This is a guest post in response to the possible excommunication of John Dehlin and Kate Kelly.
Cadence Woodland is a freelance writer and personal friend. I met Cadence (online, like all true 21st century friendships,) and we met in London a few weeks ago for tea (like all true 19th century friendships.) Now we are pen pals. You can find Cad's other writings about a million fascinating subjects on her blog: Small Dog Syndrome.
Like Jacob, I have been wrestling. For a decade now I have be grappling with the question of belonging, sustaining, disagreeing, changing, loving, and harming.
My match has lasted a long while. I started BYU in 2004 when Proposition 8 was just gathering steam and I disagreed. In 2007 I was volunteered to sit on an Honor Code hearing as a student representative and I was the dissenting voice in the ruling. I married in the temple in 2009, disliking and disbelieving many of the lessons of the temple ceremony to a wonderful man who loved me because of my contrariness, not in spite of it. In 2012 I wore pants to church when what started as a small idea to show solidarity turned into an international news story when the vitriol was ugly enough to involve police protection and death threats against other participants. In 2013 I joined Ordain Women and posted a profile – which raised not a few questions in the BYU department in which I worked. In 2014 I took off my garments and folded them away carefully and thoughtfully.
Two nights ago I “came out” to my parents about my inactivity. I was scared to tell them, to cause them pain, or even (a small part of me feared) to belong to them a little less in their eyes. I needn’t have worried. I did pain them, they are disappointed, but they love me just the same. We’re still a forever family, in spite of my doubts and unbelieving.
The next day, I read that Kate Kelly and John Dehlin are going to face church discipline. I waited for the rush of anger to come, the sucker punch of disappointment to land in my gut again as it has done so often over the past few years, for the indignation to rise, and the fear to tickle the back of my neck that it might be me next. I waited for the shake that would leave me feeling emotionally raw and spiritually bruised.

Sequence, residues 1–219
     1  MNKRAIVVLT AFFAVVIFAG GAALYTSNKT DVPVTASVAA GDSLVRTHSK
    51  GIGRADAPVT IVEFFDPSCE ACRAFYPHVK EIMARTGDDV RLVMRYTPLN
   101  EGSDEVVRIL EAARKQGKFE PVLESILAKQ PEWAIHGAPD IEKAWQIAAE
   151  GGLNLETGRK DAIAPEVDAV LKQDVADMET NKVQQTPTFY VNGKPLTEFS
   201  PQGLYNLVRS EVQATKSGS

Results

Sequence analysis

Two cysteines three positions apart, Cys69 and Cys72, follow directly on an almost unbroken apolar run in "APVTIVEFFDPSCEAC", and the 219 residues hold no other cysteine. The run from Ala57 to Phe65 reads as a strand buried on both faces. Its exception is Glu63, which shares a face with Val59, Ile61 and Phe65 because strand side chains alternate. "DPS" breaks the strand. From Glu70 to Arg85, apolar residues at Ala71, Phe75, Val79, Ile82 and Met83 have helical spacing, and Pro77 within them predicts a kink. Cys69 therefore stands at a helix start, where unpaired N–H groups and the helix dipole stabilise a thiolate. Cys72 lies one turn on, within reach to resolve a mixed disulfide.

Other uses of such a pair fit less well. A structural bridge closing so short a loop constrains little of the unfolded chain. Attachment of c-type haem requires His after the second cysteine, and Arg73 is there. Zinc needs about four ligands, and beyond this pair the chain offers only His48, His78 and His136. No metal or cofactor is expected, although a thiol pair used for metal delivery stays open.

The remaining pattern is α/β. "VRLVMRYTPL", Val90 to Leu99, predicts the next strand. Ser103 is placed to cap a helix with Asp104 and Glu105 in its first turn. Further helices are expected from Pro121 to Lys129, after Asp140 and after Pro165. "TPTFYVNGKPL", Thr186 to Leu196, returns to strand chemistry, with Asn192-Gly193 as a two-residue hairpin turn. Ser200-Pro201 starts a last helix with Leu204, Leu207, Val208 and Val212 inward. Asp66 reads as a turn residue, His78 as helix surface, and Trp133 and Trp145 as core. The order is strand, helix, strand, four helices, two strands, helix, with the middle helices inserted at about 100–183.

It didn’t. None of it came.
I was certainly sad. I was absolutely dismayed, I don’t know John but I do know Kate and admire her tremendously. I was honestly a bit annoyed, because I think the church has made a series of bad PR and information management decisions in dealing with individuals like Kelly and Dehlin, and with Ordain Women particularly (ranging from innocent misunderstanding to outright mischaracterization). But I was not harmed.
I was done.
I have been wrestling for a decade now, walking the line between conscience and loyalty, feeling unable to betray either lest I should lose myself. I have fought, first to defend the church, then to stay loyal to it even in opposition, then to fix it, and finally just to talk with it. At every stage doors have been shut in my face. I have lost count of how many people have told me to leave, occasionally with a sneer, but more often and more painfully with a sad smile. “Maybe you would be happier somewhere else,” is the nicest version of this sentiment, but to Mormon ears it is still a curse. To leave is to be cut off, from God, from family, from blessings, from guidance. No matter how gently it is phrased, telling someone to leave is a damnation. I have wept to hear my brothers and sisters damn me, especially nicely.
And so, I am done. I am choosing conscience over loyalty. The choice is a painful one, because either way I lose. I don’t know how to have honor without both, but I have chosen. It hurts; in fact I do not expect I will ever fully recover. My wrestling has left injuries, sprains in some places that have healed, joint damage that will never bend a certain way again. But I have been swimming in hurt for 10 years now, and even though this is a new kind, I find it is not as unbearable as I had been led to think.
I have given a decade of my life to a struggle but finally, I have come to the end of it. Once I was awash with righteous fervor, but I wore it out. Later came righteous indignation which I used up, followed by righteous anger which I came to the end of as well. I am done. And is not the depletion of self that I feared, or even the loss of identity that terrified me to contemplate. It was the unclasping of arms from around an opponent that wore my own face and saying, “You do not need to push me out, I will go if you ask.” And then, when they gestured sadly to the edge of the ring where my friends are now sitting, having been thrown, stepping out of it. And feeling, that in spite of the injuries and the new hurt and the discomfort of seeing a room without the troubling but secure embrace of struggle, that I am not damned after all.